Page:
Research in the Department of Scandinavian Languages focuses on language history, onomastics, variation of spoken and written language, Swedish language learning, interaction, and pragmatics.
The following thematic collaborations of the University of Turku are represented in the Department's research: digital futures; children, young people and learning; cultural memory and societal change. Strong areas in our research include:
- digital linguistics
- institutional interaction
- language history and philology
- grammar and lexicon
- spoken and written Swedish in Finland
- Swedish as a second language
Pluricentric languages are languages spoken in more than one country. But do people interact in the same way in different countries simply because they speak the same language? Or do the communicative patterns vary? We know very little about this, which is exactly what the program Interaction and Variation in Pluricentric Languages investigates. The program compares the same type of interactions in similar environments in Sweden and Finland, focussing on the service, education and healthcare domains, where much of the interaction outside the private domain takes place. An important part of the program is to contribute to the international theory development for the study of pluricentric languages. Using theories and methods such as conversation analysis and ethnography of communication the program will be able to describe and explain pluricentric language phenomena that previous research has not been able to identify. In this way the program contributes to the development of the field of variational pragmatics while also gaining new insights into what are unique patterns in Finland Swedish and Sweden Swedish conversations.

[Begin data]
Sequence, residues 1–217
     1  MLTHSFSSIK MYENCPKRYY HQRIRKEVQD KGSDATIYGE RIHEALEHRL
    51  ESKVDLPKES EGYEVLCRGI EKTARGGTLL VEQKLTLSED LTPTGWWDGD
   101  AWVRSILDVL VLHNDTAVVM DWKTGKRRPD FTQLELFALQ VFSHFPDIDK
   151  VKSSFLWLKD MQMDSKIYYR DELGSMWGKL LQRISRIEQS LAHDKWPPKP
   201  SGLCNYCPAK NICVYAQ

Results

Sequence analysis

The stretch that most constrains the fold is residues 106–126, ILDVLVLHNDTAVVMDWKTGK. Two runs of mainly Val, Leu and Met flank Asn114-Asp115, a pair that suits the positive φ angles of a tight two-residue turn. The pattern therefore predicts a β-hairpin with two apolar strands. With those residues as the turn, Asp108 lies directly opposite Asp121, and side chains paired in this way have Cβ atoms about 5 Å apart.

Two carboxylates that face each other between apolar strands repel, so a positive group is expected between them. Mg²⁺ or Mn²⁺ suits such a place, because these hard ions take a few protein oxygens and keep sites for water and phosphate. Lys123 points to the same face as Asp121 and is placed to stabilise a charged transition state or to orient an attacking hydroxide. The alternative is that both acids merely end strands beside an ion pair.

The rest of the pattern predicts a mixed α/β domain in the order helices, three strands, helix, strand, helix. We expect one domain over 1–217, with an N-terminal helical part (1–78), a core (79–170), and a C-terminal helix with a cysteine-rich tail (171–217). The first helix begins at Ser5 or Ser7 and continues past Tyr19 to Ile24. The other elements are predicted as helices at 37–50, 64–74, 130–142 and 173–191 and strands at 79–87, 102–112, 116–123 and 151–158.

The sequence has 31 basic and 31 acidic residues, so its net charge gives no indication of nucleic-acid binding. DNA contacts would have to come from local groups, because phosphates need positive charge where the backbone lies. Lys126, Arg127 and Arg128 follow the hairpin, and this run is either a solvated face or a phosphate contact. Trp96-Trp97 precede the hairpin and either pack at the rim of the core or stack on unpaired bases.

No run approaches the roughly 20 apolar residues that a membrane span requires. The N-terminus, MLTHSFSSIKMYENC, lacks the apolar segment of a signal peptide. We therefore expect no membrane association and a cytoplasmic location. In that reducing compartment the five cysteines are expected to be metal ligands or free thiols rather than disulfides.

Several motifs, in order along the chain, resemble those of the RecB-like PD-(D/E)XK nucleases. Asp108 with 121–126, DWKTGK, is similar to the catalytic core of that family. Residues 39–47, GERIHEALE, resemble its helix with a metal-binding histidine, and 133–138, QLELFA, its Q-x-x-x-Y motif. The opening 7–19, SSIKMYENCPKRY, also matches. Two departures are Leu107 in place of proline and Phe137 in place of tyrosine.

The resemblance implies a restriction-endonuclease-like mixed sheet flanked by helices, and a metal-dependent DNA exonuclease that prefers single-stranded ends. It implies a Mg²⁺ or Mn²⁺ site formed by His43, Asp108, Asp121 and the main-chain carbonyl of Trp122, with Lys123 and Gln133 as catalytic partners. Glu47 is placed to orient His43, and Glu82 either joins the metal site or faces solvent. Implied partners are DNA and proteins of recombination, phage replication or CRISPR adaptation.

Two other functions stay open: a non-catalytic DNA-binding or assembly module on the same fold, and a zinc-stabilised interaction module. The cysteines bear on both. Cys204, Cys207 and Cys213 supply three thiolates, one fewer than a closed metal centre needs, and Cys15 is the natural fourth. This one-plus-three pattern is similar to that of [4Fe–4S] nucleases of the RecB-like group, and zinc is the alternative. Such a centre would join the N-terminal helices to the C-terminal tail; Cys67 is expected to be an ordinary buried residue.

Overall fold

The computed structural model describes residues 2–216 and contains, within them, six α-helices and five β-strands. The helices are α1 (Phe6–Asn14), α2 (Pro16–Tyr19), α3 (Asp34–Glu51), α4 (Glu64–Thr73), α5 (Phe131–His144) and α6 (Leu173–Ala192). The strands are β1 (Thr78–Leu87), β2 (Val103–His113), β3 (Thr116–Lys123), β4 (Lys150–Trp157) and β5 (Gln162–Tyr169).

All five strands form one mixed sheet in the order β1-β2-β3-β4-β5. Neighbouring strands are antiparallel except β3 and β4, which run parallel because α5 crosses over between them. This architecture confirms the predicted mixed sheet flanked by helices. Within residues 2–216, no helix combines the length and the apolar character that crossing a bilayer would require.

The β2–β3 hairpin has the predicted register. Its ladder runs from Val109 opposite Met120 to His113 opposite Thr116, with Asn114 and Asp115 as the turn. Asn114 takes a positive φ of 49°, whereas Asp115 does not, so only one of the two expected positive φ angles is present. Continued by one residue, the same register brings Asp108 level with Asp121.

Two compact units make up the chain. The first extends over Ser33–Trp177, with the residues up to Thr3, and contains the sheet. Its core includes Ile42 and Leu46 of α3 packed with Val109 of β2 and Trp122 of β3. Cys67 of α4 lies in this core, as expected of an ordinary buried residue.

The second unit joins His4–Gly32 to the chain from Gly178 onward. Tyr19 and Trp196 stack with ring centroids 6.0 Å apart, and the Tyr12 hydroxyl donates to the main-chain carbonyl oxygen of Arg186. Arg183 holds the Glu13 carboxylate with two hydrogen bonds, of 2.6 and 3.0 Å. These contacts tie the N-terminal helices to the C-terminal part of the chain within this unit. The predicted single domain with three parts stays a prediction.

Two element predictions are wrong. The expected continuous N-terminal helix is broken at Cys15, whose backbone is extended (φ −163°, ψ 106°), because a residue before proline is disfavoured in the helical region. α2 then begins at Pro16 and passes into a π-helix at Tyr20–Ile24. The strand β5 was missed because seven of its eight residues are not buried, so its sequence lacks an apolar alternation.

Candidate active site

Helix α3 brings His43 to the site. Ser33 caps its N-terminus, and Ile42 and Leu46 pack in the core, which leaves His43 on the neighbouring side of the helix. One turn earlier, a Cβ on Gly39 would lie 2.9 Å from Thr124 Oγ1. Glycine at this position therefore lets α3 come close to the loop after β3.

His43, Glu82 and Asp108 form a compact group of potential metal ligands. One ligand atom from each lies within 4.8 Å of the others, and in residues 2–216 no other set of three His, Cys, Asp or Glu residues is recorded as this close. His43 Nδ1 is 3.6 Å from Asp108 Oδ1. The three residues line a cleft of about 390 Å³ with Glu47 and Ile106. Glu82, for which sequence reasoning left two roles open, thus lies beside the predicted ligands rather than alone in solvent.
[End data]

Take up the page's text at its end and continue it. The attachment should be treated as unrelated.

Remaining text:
The program is coordinated by Stockholm University and the other participating institutions are University of Helsinki, University of Turku and the Institute for Language and Folklore, Gothenburg.
Project leaders: Camilla Wide (Turku), Catrin Norrby (Stockholm), Jan Lindström (Helsinki) and Jenny Nilsson (Gothenburg)
Funding: Riksbankens jubileumsfond, 2013–2020
Post doctoral project
Researcher: PhD Mikko Kauko
For more information, see Mikko Kauko's page at the UTU Research Portal.
Funding: Koneen Säätiö 2019–2021
The project studies what kinds of formulaic sequences are used and how they can be identified in morphologically different languages (Swedish, Finnish and English). A formulaic sequence is a sequence of two or more morphemes or words (e.g. “enligt min åsikt”, “mielestäni”, “in my opinion”) that language learners learn as an unanalysed whole and also store in their memory as a single whole. The present understanding is that these sequences play an important role in the learning of both vocabulary and grammatical structures, and this is why they have been studied extensively around the world, though mainly in L2 English. Besides L2 English, this project focuses on the two domestic languages of Finland, Finnish and Swedish. The hypothesis is that the different morphological structures of the studied languages affect the occurrence and the identification of the formulaic sequences among learners.
Additionally, we are interested in learners’ use of explicit grammar rules in the writing process. Thus, this project focuses on some of the core aspects in language learning, that is formulaic sequences that intertwine lexicon and grammar, and learners’ metalinguistic knowledge that is concretised through their reflection on the use of explicit grammar rules and their use of metalanguage.
The subjects are Swedish- and Finnish-speaking upper secondary school and university students from Finland. The data consist of texts written in Swedish (L1/L2), Finnish (L1/L2) and English (L2). Some of the subjects participate in a retrospective stimulated recall interview.